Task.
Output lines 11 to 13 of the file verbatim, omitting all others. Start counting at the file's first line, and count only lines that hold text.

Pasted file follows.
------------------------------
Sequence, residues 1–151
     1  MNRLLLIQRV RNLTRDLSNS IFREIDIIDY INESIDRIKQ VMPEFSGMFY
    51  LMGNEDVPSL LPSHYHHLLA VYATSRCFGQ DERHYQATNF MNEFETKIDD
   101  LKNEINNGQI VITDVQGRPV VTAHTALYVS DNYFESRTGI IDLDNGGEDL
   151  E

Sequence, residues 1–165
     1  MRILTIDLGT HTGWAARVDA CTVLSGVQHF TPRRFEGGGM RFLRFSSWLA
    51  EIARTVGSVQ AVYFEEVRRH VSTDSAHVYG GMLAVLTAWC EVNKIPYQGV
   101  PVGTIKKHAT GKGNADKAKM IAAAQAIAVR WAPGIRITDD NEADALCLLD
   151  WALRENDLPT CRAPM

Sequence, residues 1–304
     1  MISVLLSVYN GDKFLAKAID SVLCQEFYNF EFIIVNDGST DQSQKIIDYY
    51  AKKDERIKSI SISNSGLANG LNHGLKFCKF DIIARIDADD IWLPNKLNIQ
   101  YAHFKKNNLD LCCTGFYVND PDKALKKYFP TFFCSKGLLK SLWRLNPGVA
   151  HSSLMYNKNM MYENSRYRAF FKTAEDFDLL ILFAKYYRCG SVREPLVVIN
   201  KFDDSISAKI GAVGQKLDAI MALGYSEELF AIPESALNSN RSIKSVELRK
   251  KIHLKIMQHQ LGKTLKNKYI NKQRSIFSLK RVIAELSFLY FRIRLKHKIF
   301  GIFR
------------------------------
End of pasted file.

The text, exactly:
Sequence, residues 1–304
     1  MISVLLSVYN GDKFLAKAID SVLCQEFYNF EFIIVNDGST DQSQKIIDYY
    51  AKKDERIKSI SISNSGLANG LNHGLKFCKF DIIARIDADD IWLPNKLNIQ